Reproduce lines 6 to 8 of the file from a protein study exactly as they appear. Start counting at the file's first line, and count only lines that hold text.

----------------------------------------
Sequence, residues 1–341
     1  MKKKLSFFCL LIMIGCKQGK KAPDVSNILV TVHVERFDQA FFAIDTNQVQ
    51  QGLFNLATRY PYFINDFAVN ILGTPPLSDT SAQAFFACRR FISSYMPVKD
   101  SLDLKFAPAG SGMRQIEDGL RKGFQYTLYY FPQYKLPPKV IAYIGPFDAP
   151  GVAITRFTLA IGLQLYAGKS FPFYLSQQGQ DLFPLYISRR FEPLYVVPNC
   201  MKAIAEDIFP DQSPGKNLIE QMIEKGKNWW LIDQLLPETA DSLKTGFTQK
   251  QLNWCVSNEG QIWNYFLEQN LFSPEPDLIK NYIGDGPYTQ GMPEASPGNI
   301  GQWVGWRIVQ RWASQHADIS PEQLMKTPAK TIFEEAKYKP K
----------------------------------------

   201  MKAIAEDIFP DQSPGKNLIE QMIEKGKNWW LIDQLLPETA DSLKTGFTQK
   251  QLNWCVSNEG QIWNYFLEQN LFSPEPDLIK NYIGDGPYTQ GMPEASPGNI
   301  GQWVGWRIVQ RWASQHADIS PEQLMKTPAK TIFEEAKYKP K